Waste Management: Productivity Commission Draft
at the Waste Management Institute NZ Inc
Eighteenth Annual Conference held in Christchurch
7-9 November 2006
by Matthew Warnken
Waste management and resource recovery issues are
an integral part of the sustainability debate, especially
given the emergence of the 'throw-away' society
and its associated linear flows of resources associated
with a 'take-make-waste' system of production and
consumption. In response many governments around
the world have introduced waste diversion targets,
with some jurisdictions aspiring towards zero waste.
However, the challenge of increasing resource recovery
invariably devolves to a comparison of the costs
and benefits of recycling.
The Productivity Commission Inquiry into Waste Generation
and Resource Efficiency was established to examine
these costs and benefits of recycling. The focus
of the Inquiry was to examine ways in which,
and make recommendations on how, resource efficiencies
can be optimised to improve economic, environmental
and social outcomes.
The Productivity Commission's draft report 'Waste
Management' was released in May 2006 and presented
the Commission's preliminary findings and recommendations
on waste generation and resource efficiency based
on a 'net social benefits approach' delivered through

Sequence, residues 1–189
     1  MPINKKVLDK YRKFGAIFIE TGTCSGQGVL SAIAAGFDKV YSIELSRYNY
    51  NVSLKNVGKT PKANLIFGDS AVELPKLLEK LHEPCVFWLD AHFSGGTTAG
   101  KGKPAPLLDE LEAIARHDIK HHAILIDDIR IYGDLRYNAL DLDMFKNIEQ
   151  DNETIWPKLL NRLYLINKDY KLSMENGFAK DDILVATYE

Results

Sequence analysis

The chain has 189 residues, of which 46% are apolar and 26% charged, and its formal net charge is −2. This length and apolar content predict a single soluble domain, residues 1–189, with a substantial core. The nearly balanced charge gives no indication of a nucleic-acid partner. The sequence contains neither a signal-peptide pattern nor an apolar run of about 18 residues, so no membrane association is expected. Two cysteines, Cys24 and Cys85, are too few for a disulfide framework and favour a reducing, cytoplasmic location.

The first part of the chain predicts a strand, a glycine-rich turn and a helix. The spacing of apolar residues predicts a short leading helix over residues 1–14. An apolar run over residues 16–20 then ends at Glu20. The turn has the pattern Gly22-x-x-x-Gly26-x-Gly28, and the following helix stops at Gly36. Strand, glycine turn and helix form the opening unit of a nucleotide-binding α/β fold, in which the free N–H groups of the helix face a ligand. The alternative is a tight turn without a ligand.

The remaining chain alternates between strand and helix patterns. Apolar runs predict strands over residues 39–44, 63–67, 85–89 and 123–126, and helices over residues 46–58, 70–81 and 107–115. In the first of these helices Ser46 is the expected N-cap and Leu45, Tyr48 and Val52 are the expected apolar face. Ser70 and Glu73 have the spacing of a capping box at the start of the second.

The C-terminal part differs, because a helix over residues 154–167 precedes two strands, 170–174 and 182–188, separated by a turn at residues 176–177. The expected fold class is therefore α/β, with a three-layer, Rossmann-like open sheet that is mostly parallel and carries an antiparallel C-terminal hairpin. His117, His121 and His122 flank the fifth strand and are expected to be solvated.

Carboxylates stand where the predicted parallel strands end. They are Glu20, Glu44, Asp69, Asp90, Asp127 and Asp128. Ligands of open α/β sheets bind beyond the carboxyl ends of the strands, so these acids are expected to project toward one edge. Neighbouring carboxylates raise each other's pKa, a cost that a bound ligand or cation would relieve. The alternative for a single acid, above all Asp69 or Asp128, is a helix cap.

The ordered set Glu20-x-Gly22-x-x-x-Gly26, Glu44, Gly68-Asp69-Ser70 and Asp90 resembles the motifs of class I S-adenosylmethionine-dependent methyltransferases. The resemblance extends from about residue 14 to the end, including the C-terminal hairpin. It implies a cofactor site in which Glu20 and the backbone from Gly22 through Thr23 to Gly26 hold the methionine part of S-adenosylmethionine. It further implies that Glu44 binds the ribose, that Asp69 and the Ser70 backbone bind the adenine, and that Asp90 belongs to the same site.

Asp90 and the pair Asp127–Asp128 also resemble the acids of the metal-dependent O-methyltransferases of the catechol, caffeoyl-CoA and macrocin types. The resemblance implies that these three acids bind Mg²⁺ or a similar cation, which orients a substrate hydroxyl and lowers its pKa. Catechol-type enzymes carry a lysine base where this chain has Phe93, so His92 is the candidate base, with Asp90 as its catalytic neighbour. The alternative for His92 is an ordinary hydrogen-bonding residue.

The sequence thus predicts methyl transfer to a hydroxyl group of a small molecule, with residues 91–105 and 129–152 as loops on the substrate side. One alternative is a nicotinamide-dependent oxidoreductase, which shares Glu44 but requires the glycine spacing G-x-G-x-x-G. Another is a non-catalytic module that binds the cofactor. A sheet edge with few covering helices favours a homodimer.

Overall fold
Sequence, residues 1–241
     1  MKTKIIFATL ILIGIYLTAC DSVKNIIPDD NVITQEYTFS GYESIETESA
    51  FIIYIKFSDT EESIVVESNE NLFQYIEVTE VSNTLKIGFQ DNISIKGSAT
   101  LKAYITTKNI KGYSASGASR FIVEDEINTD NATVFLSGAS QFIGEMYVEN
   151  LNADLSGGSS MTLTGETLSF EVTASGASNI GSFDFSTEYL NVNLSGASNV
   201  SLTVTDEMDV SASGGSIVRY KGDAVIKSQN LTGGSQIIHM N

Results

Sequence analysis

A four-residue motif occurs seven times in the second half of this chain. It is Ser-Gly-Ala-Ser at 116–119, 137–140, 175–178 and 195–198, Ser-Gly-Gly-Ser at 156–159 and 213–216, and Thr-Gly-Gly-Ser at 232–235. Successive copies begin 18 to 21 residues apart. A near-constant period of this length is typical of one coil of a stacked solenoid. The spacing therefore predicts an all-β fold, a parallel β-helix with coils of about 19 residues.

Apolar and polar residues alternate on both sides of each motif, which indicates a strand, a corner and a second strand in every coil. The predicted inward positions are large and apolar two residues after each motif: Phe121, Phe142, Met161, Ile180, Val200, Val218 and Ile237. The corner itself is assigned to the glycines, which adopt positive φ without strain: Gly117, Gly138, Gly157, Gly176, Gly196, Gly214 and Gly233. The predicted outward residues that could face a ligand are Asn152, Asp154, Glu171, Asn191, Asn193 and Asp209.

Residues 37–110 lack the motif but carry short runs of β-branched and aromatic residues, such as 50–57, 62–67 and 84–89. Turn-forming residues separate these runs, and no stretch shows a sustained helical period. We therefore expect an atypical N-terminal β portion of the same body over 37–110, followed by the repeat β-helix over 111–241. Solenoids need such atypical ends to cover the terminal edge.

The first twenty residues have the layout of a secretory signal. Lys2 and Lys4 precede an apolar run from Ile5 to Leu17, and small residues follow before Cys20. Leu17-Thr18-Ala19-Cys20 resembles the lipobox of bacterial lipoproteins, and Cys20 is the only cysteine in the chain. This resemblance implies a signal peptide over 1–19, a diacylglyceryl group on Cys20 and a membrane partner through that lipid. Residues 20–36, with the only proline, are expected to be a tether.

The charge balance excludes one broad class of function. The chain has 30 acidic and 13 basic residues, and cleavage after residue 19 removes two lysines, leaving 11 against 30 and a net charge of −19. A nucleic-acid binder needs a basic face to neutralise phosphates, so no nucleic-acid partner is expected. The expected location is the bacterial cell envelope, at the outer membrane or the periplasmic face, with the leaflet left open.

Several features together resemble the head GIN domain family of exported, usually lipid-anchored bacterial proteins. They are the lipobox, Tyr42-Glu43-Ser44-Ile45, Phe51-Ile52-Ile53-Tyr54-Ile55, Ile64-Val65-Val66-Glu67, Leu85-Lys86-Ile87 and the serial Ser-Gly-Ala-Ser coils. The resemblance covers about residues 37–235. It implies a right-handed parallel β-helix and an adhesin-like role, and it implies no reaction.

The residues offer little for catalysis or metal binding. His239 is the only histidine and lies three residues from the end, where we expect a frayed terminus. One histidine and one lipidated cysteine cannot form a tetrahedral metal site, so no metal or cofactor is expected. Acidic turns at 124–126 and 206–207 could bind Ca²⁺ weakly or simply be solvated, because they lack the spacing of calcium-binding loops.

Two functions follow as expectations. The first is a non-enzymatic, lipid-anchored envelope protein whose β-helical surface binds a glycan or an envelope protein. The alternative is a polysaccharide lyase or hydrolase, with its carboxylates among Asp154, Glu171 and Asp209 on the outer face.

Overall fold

'economic efficiency'. The overall conclusion of
the draft report was that 'best practice' landfill,
combined in some circumstances with appropriate
kerbside recycling, remains the preferred option
for dealing with municipal waste. The final report
is expected to be released before March 2007.
This paper presents an overview of the Productivity
Commission's draft report 'Waste Management'. Following
an overview of the original terms of reference to
the Inquiry, an examination of the methodology used
in the Commission's assessment of Waste Generation
and Resource Efficiency is provided. The draft key
findings and recommendations from 'Waste Management'
are presented, followed by the potential implications
for resource recovery, should the draft recommendations
be implemented. The paper concludes by examining
some of the critical points that need to be addressed
in the final report, in particular, the societal
costs of greenhouse gas emissions.
Click here to download the conference paper